This is a companion article to the feature, “Overcoming Immune Blockade in Non-Small Cell Lung Cancer.”

As part of the adaptive immune response, cytotoxic CD8+ T lymphocytes are an important component of the body’s ability to mount an offensive against tumor activity. Cytotoxic T cells are primed and activated when circulating tumor-cell antigens are presented to them by antigen-presenting cells (APCs). Once armed, these antigen-specific T cells become mobilized to infiltrate, recognize, and kill the target tumor cells.

Cytotoxic T cells can be powerfully destructive. In healthy people, the development of immune tolerance and prevention of T-cell mediated autoimmune disease is regulated by a number of signaling mechanisms, including so-called ‘immune checkpoints.’

One such checkpoint is governed by the activity of the programmed death-1 (PD-1) protein, a cell surface receptor that promotes apoptosis in antigen-specific T-cells and, conversely, inhibits apoptosis in suppressive, regulatory T cells. The immuno-inhibitory activity of PD-1 is stimulated when it comes into contact with the programmed death ligand-1 (PD-L1), a peripheral membrane protein that is expressed, under normal physiological conditions, on the surface of a variety of cells involved in immune regulation. While this is an important mechanism for preventing excessive, self-destructive immune responses, it also has an inhibitory effect on the immune system’s ability to kill and clear cancer cells.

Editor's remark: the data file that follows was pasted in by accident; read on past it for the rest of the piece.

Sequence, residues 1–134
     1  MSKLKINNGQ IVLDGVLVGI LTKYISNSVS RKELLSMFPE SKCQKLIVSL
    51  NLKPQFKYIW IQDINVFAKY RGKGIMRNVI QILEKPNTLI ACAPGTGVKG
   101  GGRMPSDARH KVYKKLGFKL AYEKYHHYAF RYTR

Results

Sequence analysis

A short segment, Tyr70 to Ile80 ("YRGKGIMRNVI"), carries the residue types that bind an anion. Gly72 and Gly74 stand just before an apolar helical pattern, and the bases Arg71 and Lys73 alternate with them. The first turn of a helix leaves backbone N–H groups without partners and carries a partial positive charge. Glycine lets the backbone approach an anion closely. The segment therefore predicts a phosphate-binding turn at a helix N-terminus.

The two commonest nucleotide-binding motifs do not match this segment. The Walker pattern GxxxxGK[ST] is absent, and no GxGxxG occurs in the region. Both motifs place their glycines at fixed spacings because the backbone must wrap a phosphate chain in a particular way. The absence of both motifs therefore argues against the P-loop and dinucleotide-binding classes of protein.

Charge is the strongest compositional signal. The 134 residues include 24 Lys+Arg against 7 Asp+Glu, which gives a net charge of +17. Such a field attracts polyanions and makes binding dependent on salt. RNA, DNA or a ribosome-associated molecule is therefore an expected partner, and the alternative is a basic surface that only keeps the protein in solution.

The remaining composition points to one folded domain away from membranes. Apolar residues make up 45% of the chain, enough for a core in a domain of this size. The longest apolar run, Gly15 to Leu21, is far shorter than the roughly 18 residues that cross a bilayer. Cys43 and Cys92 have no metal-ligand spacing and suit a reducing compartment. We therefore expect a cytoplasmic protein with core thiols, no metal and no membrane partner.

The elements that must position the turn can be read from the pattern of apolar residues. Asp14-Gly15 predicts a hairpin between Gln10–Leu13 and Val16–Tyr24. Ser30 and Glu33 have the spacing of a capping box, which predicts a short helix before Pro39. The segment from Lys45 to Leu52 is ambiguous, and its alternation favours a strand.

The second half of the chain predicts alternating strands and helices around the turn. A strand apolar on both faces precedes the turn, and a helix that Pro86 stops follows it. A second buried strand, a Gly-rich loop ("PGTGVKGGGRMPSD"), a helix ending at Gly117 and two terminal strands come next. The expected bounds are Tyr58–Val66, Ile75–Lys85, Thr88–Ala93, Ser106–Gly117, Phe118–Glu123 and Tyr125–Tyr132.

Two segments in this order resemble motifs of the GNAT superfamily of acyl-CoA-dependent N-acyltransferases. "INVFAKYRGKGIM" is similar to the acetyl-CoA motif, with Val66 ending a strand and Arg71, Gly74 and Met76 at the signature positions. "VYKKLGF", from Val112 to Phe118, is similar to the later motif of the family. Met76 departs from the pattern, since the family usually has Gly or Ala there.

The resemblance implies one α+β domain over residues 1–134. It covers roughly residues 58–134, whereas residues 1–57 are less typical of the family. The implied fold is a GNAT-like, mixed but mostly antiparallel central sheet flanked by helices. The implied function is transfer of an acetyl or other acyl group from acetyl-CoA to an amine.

Unfortunately, certain types of cancer—including some non-small cell lung cancers—abnormally overexpress PD-L1 on the surface of their cells. Such cancers thereby exploit the PD-1 pathway to suppress the activity of antigen-specific T-cells, thus evading the body’s anti-tumor immune response. This circumvention of normal anticancer immunity is known as the PD-1/PD-L1 checkpoint blockade, and is the target of a number of novel immunotherapies known as ‘checkpoint inhibitors,’ which are designed to interrupt PD-L1’s immunosuppressive function by interfering with the interaction between PD-1 and PD-L1.